• Pliny the Elder. Naturalis Historia. c.78 CE.
  • Tacitus. Annales. Second century CE.
  • Masters MT. 1869. Vegetable Teratology, An Account of the Principal Deviations from the Usual Construction of Plants. Robert Hardwicke Publisher, London, P 356.
  • Mark Kinver, Science and environment reporter, BBC News – Science/Environment – Bumbles make beeline for gardens, study suggests
  • The bouquet – A Poetic Treasury of Flowers, Their Classics and Vocabulary, (pg. 13) by Walser, G. H. (George Henry), 1834-1910
  • Cyclopedia of practical floriculture by Turner, Cordelia Harris – Publication date 1884
  • The images are royalty-free. Use and share as you like.

March goes out like a lion

Well, fingers were crossed that March would leave like a lamb. Unfortunately that’s not going to be the case!

Happily, I did see a Robin this morning! Personally speaking, that is MY first official day of spring, no matter what the calendar states.

The year we moved from Toronto up here to Haliburton, someone (I forget who), told me that it always snows one more time once the Robins arrive. So far in the last decade, that’s been the case. Don’t ask me why, but I keep track of these things, (along with the arrival of Hummingbirds), but this may have something to do with wanting to wave bye-bye to old man winter.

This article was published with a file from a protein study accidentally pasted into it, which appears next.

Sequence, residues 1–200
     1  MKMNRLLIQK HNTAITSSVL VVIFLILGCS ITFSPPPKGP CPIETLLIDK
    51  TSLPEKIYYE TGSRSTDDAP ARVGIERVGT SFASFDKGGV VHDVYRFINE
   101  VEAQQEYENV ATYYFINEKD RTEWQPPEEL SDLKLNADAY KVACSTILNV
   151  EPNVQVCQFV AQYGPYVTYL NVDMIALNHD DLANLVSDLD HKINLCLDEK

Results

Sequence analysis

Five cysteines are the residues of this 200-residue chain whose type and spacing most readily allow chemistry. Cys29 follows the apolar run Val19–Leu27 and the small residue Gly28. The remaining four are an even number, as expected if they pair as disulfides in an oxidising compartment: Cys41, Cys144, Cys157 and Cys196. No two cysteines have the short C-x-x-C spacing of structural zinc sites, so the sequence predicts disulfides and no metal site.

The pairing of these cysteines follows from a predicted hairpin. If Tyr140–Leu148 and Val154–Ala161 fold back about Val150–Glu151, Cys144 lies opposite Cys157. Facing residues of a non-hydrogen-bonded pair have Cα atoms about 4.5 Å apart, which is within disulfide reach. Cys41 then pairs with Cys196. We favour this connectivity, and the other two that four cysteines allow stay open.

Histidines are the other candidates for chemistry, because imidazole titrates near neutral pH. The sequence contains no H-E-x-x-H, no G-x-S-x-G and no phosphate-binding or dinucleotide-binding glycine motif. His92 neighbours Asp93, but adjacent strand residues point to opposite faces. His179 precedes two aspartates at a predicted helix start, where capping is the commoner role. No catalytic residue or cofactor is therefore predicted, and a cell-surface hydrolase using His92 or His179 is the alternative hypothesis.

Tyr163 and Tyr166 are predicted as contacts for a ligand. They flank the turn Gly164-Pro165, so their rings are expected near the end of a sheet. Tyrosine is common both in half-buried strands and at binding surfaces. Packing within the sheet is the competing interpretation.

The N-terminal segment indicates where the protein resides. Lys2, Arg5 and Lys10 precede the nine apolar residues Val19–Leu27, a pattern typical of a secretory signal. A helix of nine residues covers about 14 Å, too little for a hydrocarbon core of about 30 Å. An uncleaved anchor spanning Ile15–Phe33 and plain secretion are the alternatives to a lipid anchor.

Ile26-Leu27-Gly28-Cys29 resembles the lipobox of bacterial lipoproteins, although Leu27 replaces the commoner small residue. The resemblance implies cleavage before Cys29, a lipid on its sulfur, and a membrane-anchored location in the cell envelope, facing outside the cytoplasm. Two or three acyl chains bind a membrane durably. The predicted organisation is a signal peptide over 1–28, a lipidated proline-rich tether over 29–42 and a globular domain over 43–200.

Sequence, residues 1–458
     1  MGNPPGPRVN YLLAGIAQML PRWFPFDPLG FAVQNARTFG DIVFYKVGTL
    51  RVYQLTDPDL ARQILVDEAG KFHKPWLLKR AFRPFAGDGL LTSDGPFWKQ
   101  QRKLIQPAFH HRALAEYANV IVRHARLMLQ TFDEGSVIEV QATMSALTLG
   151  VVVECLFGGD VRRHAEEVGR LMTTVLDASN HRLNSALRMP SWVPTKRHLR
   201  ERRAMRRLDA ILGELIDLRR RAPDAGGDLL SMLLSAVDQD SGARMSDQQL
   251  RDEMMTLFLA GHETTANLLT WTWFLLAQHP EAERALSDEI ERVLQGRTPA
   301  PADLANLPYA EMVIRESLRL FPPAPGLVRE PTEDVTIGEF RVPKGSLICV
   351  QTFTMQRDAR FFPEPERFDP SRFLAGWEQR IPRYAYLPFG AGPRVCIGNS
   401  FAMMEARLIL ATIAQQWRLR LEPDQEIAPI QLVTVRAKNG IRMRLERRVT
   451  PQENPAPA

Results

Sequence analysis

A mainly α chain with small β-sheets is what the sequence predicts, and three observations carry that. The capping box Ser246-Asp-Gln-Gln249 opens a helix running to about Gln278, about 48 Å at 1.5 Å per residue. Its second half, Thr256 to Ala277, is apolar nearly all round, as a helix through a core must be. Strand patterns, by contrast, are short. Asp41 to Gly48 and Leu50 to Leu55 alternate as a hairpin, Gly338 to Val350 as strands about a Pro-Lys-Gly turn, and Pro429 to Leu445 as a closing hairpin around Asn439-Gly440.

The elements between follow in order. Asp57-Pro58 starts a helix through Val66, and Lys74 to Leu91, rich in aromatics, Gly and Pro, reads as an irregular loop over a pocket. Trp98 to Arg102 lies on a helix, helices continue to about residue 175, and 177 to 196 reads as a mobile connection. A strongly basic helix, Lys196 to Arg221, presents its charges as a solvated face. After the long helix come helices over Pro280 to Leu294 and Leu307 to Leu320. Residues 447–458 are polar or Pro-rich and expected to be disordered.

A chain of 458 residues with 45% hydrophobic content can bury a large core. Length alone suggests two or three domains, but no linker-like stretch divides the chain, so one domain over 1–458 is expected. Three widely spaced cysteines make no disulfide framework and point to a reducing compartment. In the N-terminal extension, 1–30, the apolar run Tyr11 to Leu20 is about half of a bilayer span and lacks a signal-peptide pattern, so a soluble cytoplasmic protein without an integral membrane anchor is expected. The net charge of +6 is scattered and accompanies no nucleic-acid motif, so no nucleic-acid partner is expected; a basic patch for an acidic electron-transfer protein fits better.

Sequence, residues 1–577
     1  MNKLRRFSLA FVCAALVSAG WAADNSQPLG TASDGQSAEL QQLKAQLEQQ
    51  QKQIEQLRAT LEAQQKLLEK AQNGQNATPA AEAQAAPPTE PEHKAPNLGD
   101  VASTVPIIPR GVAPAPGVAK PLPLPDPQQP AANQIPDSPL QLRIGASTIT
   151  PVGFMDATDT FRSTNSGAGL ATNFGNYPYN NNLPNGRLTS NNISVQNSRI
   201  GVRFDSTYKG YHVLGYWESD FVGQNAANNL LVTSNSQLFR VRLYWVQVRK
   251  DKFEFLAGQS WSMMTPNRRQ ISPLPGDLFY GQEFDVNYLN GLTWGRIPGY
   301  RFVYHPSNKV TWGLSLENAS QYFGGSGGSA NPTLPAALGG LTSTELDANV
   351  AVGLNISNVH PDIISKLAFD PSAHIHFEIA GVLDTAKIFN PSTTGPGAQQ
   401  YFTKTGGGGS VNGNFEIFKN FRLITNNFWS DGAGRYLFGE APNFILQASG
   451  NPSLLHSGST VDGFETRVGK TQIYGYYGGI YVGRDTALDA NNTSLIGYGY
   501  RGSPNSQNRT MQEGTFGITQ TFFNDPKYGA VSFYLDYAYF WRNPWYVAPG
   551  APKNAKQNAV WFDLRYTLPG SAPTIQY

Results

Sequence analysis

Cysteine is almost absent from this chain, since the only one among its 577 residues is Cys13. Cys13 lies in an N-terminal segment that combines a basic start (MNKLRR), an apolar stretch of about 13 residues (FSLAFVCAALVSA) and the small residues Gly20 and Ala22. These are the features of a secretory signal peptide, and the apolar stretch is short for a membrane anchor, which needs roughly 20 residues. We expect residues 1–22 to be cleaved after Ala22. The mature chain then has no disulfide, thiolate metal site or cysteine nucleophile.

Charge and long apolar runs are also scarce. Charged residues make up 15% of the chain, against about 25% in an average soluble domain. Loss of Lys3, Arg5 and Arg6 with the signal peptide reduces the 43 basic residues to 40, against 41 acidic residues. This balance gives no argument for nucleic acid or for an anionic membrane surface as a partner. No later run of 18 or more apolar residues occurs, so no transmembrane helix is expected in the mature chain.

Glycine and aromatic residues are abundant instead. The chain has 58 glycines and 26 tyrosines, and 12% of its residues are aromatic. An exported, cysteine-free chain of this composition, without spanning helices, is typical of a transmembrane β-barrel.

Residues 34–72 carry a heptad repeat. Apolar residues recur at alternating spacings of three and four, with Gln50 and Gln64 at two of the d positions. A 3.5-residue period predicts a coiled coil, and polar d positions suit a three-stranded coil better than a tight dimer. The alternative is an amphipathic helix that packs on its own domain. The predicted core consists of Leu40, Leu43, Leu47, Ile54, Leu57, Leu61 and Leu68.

In any case I won’t be seeing those tulips in the garden for at least a few more weeks. The photo above is from last year, taken before some critter ate them, a part of county life I’ve come to accept, for the most part.

We have had a lovely taste of spring these past few days. The weather has been beautiful. Enough snow has melted to see a section of our driveway! The bad new is, that’s going to change this evening… We’re looking at possible freezing rain mixed with snow.

As you can see from the screen shot I took on the Canadian gov weather site, quite the system is approaching. That radar picture reminds me of Pac Man or  better yet, that same March lion with it’s mouth wide open, about to take a bite out of Ontario.

The good news is I am patient and know spring will be strutting her stuff pretty soon.  – Until then, Safe driving!


Spring is in the air…!

A big welcome back, spring… you’re my favourite season of them all. You’re full of potential and a new start to another year in the garden. I can hardly wait!

Yes I know.. we’re supposed to enjoy each season as it arrives and at first I really do try. But as the weeks drag on and while the snow piles up, admittedly the only thing that gets me through winter is looking at beautiful landscaping pictures on Pinterest.  That, and planning what changes and additions I can make in my own garden.

The photos I’m sharing here are actually crocus pictures from last April. We still have much snow on the ground in my neck of the woods, but with the equinox on our doorstep there is light at the end of the tunnel!

So, like many other like-minded itchy green-fingered people living in a northern climate, I shall celebrate the official beginning of spring by sowing and starting some seeds indoors.

Happy Spring!